Prescription Drug Trafficking Offences: Serious Consequences for a Serious Problem

Prescription Drug Abuse on the Rise

Earlier this year, the federal government announced a $4.3 million dollar plan to monitor the scope of prescription drug abuse in Canada. Reports show that Canada has the second highest rate of prescription opioid consumption in the world and estimates suggest more than 1,000 Canadians die each year after taking the drugs.

This high rate of abuse creates a demand that often gets filled by those who illegally traffic in prescription medication. While these medications confer many benefits when used properly by the person to which they are prescribed, in the wrong hands they can be just as dangerous and deadly as street drugs. As a result, Canadian law imposes strict penalties on individuals who illegally use or traffic in prescription drugs.

These laws are put in place to deter individuals from misusing prescription medication as well as to stop people from using the ingredients they contain to manufacture and sell additional controlled substances. Under the Controlled Drugs and Substances Act, which deals with both prescription drugs as well as “street” drugs, you can be charged with either unlawful possession of a prescription drug or illegally trafficking in prescription medication. In many cases, individuals are charged with both.

Commonly Abused Drugs

As prescription drug abuse has become more common, so too have the medications involved. Health care personnel and police officers generally classify these drugs into three groups: opioids, stimulants, and depressants.

Opioids block pain by preventing the brain from receiving pain signals from the rest of the body. Because they interfere with the body’s ability to feel discomfort, they are a prime target for misuse. In most cases, they are also highly habit forming. Common opioids include codeine, Vicodin, Percocet, and oxycontin.

As their name suggests, stimulants cause the individual to feel more alert and aware. Popular stimulants, particularly among adolescents, include Adderall and Ritalin.

Finally, depressants help individuals who suffer from insomnia, anxiety, and a host of other ailments. Depressants include Ambien, valium, and Xanax.

Prescription Drug Offences and Consequences

In addition to these medical classifications, the Controlled Drugs and Substances Act categorizes regulated substances into five “schedules,” with most widely abused prescription drugs found in Schedules 4 and 5. These drugs are legal to possess with a valid prescription, but if the drug has not been specifically prescribed by a doctor to the person who possesses it, and is not sold over the counter in a pharmacy, it is likely illegal to possess. Additionally, these drugs are illegal to import or export, or to traffic or possess with the intent of trafficking.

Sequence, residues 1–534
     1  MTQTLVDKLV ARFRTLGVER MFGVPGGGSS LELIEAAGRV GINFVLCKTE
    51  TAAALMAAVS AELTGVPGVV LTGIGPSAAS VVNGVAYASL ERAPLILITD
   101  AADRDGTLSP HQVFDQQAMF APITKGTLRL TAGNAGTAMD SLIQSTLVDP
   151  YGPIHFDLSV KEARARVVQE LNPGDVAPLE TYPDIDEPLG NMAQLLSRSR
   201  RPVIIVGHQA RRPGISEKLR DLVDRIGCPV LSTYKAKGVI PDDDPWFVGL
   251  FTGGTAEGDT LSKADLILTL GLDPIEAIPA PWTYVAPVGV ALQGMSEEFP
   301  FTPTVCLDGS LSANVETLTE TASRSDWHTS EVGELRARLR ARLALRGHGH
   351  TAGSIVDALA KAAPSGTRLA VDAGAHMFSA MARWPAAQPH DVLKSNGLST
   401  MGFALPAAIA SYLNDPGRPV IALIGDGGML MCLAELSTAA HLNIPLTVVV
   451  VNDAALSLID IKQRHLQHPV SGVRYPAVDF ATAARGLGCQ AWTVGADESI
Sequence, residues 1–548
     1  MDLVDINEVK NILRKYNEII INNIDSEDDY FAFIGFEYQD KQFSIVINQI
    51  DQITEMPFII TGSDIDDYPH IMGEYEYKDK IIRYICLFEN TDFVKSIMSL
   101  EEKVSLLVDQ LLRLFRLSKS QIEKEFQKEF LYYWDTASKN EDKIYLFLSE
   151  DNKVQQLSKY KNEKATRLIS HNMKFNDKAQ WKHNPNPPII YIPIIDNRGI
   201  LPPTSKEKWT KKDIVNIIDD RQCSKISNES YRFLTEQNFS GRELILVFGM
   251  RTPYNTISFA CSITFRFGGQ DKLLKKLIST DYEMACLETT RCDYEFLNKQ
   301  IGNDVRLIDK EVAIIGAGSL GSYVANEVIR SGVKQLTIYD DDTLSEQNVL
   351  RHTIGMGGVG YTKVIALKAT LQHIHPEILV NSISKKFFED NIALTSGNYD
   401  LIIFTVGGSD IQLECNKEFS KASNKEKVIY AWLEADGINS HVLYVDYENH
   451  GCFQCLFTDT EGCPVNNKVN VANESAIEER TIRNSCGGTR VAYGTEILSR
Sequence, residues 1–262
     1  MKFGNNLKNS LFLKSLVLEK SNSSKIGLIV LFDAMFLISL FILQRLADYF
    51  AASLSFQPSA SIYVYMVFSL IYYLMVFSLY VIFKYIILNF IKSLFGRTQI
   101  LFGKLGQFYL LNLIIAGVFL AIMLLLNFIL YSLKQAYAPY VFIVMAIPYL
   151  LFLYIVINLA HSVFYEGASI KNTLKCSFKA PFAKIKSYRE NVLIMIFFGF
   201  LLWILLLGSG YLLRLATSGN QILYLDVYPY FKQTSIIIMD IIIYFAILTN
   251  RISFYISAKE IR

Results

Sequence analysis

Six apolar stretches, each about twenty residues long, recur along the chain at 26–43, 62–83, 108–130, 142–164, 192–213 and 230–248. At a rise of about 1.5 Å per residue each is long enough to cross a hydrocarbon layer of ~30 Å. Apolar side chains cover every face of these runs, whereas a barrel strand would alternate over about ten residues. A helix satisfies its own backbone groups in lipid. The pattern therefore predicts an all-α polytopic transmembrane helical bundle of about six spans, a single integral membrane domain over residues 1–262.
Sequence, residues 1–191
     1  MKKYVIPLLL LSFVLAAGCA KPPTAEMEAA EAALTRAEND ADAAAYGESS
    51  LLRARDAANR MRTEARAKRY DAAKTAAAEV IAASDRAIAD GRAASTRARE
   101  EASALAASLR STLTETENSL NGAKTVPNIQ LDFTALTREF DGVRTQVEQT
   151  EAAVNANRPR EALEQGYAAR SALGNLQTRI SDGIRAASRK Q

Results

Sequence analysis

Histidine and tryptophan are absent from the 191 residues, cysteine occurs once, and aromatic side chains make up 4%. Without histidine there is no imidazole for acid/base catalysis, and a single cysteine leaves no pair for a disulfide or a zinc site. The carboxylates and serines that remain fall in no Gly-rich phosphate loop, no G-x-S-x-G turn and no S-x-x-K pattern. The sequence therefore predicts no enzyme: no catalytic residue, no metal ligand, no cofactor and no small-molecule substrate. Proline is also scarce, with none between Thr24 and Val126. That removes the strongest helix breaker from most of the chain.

The penalties for illicit possession or distribution of prescription medication depend on a number of factors such as the type and quantity of the drug, and the Crown may elect to proceed either by indictment or summary conviction. Consequences can range from fines to significant jail time, especially for trafficking offences.

Though prescription medication may not conjure up the images of “drugs” that cocaine or heroin does, their illicit use and distribution is just as illegal and can result in just as real and serious consequences. Such charges should not be treated lightly; consulting with a criminal defence lawyer experienced with prescription drug offences is of vital importance for those facing such charges.

Ottawa Criminal Defence Firm Engel & Associates Defends Against Even The Most Complicated Charges

Criminal lawyers Bruce Engel and Elena Davies have represented individuals and businesses charged with hundreds of different offences throughout Canada for more than two decades. From the start of a criminal investigation to the close of a trial, we will take a balanced and forceful approach to your defence. We have the experience and know-how to effectively navigate the constantly changing justice system in Canada.

The materials provided on this site are for information purposes only. These materials constitute general information relating to areas of law familiar to our firm lawyers. They do NOT constitute legal advice or other professional advice and you may not rely on the contents of this website as such.

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